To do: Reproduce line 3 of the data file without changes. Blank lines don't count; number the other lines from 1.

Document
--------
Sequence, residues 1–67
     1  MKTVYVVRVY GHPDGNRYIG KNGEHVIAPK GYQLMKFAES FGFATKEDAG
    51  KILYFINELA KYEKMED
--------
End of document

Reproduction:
    51  KILYFINELA KYEKMED